Incredibly apologetic, Dor made us an offer we couldn’t refuse – especially one at 12:30 AM. He pressed a button on his call center console and the door to the station manager’s office magically opened. There on the desk was a set of keys to an identical Better Place car sitting in the station’s parking lot. “Take the keys,” he said, “and drive home with our car. In the morning, we’ll bring your car directly to you.”
Which is what we did. And since Better Place only sells one model of car, our replacement vehicle was identical to our regular one: just as powerful up the hill, same comfort we were used to. We made it home with plenty of juice to spare.
In the morning, our car was delivered as promised. Alon, the driver, was ecstatic at having the chance to visit Jerusalem. “I’ve only been here once in my life,” he said, “and that was to the Old City and the Kotel” (the Western Wall). Apparently, Better Place is operating a clandestine employee Birthright program on the side.
My wife Jody pointed out positively Zen-like that these things can happen in any kind of car. “We could have gotten a flat tire in our old Toyota Corolla,” she said. And it’s doubtful we’d have had such cheery Customer Service.
Bottom line: sure, we would have rather stayed at the party and danced for longer than explore the insides of a Better Place swap station. But it gave Better Place a chance to prove again how it has mastered the art of keeping the customer satisfied even under unexpected adverse conditions.
Filed under: Art, design, education, Entertainment, Environment, General, History and Culture, Israeliness, Nostalgia Sunday, Picture of the Week, Pop Culture, Profiles, Travel
Once upon a time, the city of Holon was dull, drab and dead boring. So much so that its first mayor, Haim Kugel, proudly described it as a place where people drank a nice glass of tea on the porch before going to sleep at 9:00 PM. Those days are gone. Today, Holon has reinvented itself as the city of niche museums, galleries and festivals, a city of art and design, and a city with lots of things for kids to do.
This past week, author David Grossman was preset at the inauguration of a sculpture garden inspired by his children’s book, “Once There Were Two Monkeys”. The new garden is part of a larger outdoor project, called the Story Garden, of sculptures depicting characters from beloved children’s books, both Israeli and international.
So far, 36 stories have been immortalized as public sculptures. The unique project draws to thousands of visitors to Holon every year. In 2009 the project won the Azrieli Prize for Urban Planning.
According to Moti Sasson, Mayor of Holon: “Through a combination of sculpture and literature, available and accessible to all, we hope to increase awareness and love of children’s literature as well as familiarity with the characters. The project is also part of the development of the ‘green lung’ of Holon which is now considered one of the greenest cities in the country. ”
The newest addition, “Once There Were Two Monkeys”, features sculptures designed by artist and sculptor Lilah Pinkas Markman with landscaping by architect Keren Gerstein. Along with the imaginary world of dinosaurs, moons, twinkling stars and a giant pink winged kangaroo there are also shaded seating areas, lawns and gardens.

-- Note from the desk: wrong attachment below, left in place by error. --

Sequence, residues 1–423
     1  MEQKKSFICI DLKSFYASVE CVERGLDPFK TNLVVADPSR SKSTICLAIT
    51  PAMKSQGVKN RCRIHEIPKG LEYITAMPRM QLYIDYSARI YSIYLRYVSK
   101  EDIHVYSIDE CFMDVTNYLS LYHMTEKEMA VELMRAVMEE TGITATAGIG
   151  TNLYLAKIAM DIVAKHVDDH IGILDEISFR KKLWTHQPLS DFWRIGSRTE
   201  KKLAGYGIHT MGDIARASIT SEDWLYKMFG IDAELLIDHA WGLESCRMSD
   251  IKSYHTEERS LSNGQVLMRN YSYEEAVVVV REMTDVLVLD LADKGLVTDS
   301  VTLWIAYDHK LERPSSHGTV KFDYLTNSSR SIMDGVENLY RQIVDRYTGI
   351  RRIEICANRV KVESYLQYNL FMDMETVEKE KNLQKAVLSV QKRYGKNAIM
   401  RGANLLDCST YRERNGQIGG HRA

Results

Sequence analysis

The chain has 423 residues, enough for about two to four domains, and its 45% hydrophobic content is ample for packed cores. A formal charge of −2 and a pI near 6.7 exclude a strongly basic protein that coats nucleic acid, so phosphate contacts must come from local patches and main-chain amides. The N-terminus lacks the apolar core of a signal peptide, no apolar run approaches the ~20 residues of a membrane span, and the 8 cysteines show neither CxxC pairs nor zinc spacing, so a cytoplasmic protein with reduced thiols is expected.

Markman said that when she read the book in Holon’s Mediatheque library, “The characters just spoke to me and called out for me to sculpt them.”
This is the third garden to be based on a David Grossman children’s story. There are also “Itamar Climbs the Walls” and “Itamar Meets a Rabbit”
Grossman stated, “My books have already been adapted to plays and films but there is nothing more pleasant than seeing children touch, play and enjoy sculptures inspired by characters in my books.”
Other favorite stories that have been brought to life include:
Tiras Ham (Hot Corn)
Shmulikipod (Shmulik the Hedgehog)
Ayeh Pluto (Where is Pluto?)
HaKina Nehama (Nehama the Louse)
And even though he isn’t really Israeli, he is so beloved by Israelis that we’re willing to adopt him as our own: the Little Prince.
A video about the Story Garden project:
Photo of Holon Mayor Motti Sasson (L) and author David Grossman (R) by Eli Neeman. Story Garden images by Avishai Teicher published under Creative Commons license courtesy of Wikipedia.
Filed under: A New Reality, Art, Blogging, Business, coexistence, design, Entertainment, Environment, Food, General, Holidays, Immigrant Moments, Pop Culture, Profiles, Social Justice, Sports, Travel
Show us the Israel you love in a new photograph contest by ISRAEL21c that launches next week and you could win an iPad mini or two runners up prizes of Amazon gift cards.
It’s the first time that we’ve run a photo competition and we’re keen to see what you can come up with.
We’re looking for great images that celebrate Israel. Wild, wacky, beautiful, happy, funny, warm, moving, breathtaking – we want to see Israel and its people through your eyes.
The competition begins next week on February 11th and runs until February 25th. Stay tuned to our Facebook page for details.
Readers can vote for their favorite snaps until March 5, and then ISRAEL21c will choose the final three winners from the top 20.
Winners will be announced on March 8.
The best shots will be featured on ISRAEL21c and will be included in a special movie to celebrate Israel’s 65th birthday in April.
So let your friends know, get your cameras out, and start snapping.